Hangzhou city strengthens regulation on high-precision maps, requiring data to be stored within Chinese border
Published: Oct 30, 2023 01:13 PM
Cyber security. Photo: IC

Cyber security. Photo: IC

Hangzhou, capital of East China's Zhejiang Province, has recently strengthened regulation on high-precision maps, requiring that related data be stored within Chinese border and cross-border data transfer need official approval.

The city has issued regulations in accordance with Chinese law which include the Surveying and Mapping Law, the Map Management Regulations, and the Ministry of Natural Resources' requirement on maintaining geological information safety associated with developing autonomous driving services, according to a circular on the website of Hangzhou Bureau of Planning and Natural Resources on Monday.

The purpose is to strengthen regulation on high-precision maps, boost the development of intelligent connected vehicles and maintain geological information safety, the circular said.

Producers of high-precision maps should be qualified for surveying and mapping, or done by authorizing institutions that have the qualifications to conduct related activities, according to the circular.

Servers that store data of high-precision maps should be located within Chinese border. In addition, the data should be encrypted with domestically-produced commercial codes that are in line with safety standards, and transferred with safe networks so as to ensure the safety of geological data, read the document.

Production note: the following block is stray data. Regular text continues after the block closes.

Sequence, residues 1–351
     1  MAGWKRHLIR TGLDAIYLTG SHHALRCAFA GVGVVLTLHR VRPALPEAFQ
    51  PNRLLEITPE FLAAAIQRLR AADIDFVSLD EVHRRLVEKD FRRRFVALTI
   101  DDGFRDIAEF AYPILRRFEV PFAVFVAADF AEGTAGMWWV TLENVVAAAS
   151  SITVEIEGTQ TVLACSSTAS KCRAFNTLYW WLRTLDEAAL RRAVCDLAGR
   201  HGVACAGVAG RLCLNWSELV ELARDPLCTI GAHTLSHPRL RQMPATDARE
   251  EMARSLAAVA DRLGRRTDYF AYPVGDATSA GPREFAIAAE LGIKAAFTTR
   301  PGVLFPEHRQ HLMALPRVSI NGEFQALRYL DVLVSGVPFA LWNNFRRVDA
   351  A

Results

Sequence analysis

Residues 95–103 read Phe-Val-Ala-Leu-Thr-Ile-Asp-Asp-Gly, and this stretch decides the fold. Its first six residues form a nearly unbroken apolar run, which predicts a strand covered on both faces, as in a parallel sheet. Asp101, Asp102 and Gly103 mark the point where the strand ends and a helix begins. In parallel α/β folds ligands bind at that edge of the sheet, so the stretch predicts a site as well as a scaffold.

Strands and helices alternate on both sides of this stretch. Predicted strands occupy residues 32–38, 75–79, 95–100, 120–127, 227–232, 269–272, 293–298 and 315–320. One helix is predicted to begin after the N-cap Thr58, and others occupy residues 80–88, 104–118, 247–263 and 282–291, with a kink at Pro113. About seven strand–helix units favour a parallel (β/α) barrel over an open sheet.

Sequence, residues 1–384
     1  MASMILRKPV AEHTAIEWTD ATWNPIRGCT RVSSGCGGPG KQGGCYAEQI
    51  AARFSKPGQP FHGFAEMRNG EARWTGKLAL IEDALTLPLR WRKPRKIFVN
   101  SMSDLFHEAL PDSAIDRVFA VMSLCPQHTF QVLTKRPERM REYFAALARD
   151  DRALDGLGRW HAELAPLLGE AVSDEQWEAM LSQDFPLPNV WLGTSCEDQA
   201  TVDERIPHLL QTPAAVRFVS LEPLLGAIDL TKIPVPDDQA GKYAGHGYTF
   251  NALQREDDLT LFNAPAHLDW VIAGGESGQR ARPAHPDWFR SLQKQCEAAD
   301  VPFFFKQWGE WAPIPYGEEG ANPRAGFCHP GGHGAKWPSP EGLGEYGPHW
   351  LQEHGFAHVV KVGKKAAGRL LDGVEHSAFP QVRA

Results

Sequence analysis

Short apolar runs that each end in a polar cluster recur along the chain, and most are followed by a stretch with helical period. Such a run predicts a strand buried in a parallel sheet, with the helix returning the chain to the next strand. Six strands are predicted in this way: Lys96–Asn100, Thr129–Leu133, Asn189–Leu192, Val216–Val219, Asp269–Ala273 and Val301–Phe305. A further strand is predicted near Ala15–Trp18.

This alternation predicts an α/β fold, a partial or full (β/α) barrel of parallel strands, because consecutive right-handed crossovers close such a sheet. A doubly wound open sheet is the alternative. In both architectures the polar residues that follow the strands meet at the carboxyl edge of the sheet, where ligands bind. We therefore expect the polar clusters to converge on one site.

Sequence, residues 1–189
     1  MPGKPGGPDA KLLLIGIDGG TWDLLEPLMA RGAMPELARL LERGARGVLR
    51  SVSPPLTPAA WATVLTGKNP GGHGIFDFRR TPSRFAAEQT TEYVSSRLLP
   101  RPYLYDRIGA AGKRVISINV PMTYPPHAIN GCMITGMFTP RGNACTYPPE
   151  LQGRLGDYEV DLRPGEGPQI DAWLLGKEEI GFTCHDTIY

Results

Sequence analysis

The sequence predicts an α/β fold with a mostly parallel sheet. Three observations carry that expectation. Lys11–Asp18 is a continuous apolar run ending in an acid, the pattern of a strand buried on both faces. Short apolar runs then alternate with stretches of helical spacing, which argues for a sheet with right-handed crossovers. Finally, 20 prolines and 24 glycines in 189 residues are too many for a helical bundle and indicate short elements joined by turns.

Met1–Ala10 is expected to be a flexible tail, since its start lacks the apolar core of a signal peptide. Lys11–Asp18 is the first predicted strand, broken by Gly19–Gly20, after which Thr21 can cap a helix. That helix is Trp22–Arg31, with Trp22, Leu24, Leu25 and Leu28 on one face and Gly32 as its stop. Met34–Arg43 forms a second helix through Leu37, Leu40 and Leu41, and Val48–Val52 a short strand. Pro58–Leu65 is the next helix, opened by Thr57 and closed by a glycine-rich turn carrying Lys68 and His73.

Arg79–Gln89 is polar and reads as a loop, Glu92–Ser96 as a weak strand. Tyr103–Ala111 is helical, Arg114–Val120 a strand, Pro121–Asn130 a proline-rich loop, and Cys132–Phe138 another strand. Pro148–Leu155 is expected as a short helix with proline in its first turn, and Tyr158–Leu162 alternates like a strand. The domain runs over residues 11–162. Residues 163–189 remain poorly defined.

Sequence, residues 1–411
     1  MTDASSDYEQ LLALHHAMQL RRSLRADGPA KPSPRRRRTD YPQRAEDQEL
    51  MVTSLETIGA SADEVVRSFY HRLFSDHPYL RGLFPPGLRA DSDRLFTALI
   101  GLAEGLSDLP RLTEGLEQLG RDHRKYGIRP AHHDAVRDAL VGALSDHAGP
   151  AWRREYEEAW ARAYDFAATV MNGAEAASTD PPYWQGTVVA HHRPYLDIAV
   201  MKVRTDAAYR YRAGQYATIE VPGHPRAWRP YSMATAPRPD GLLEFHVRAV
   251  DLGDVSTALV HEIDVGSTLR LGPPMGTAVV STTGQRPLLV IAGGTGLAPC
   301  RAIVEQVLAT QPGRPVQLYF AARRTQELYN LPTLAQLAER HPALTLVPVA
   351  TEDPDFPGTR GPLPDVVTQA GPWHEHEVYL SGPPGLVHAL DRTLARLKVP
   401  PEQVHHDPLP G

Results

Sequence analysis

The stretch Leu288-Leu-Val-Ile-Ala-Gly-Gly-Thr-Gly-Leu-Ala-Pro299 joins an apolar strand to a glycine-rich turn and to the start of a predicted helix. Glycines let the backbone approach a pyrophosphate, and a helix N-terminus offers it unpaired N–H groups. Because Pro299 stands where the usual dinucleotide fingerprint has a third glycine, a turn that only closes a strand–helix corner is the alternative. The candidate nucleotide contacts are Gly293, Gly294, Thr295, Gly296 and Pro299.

For cross-border transfer of data about high-precision maps, approval is needed in accordance with laws and regulations, it said.

According to the regulation, high-precision maps are digital maps that have higher positioning precision and are mainly used for the driver assistance system of intelligent connected vehicles. High-precision maps mainly cover L4 higher-level autonomous driving maps and L3 lower-level autonomous driving maps.

The importance of high-precision maps has been widely recognized by the autonomous driving industry globally, as it enhances the safety of autonomous driving thanks to high-precision positioning, lane-level path planning, and other functions.

According to a forecast of CITIC Securities, the global high-precision map industry will exceed $20 billion by 2030, and the potential market size in China is estimated to reach 30 billion yuan. CITIC said high-precision maps will not only be applied in autonomous driving, but also to a wide range of scenarios including smart cities, smart tourism, real estate and new retail.

Currently, autonomous driving is categorized from Level 0 to Level 5; the higher the level, the more intelligent the technology. Level 3 means conditional automation, in which a vehicle can drive by itself under certain conditions.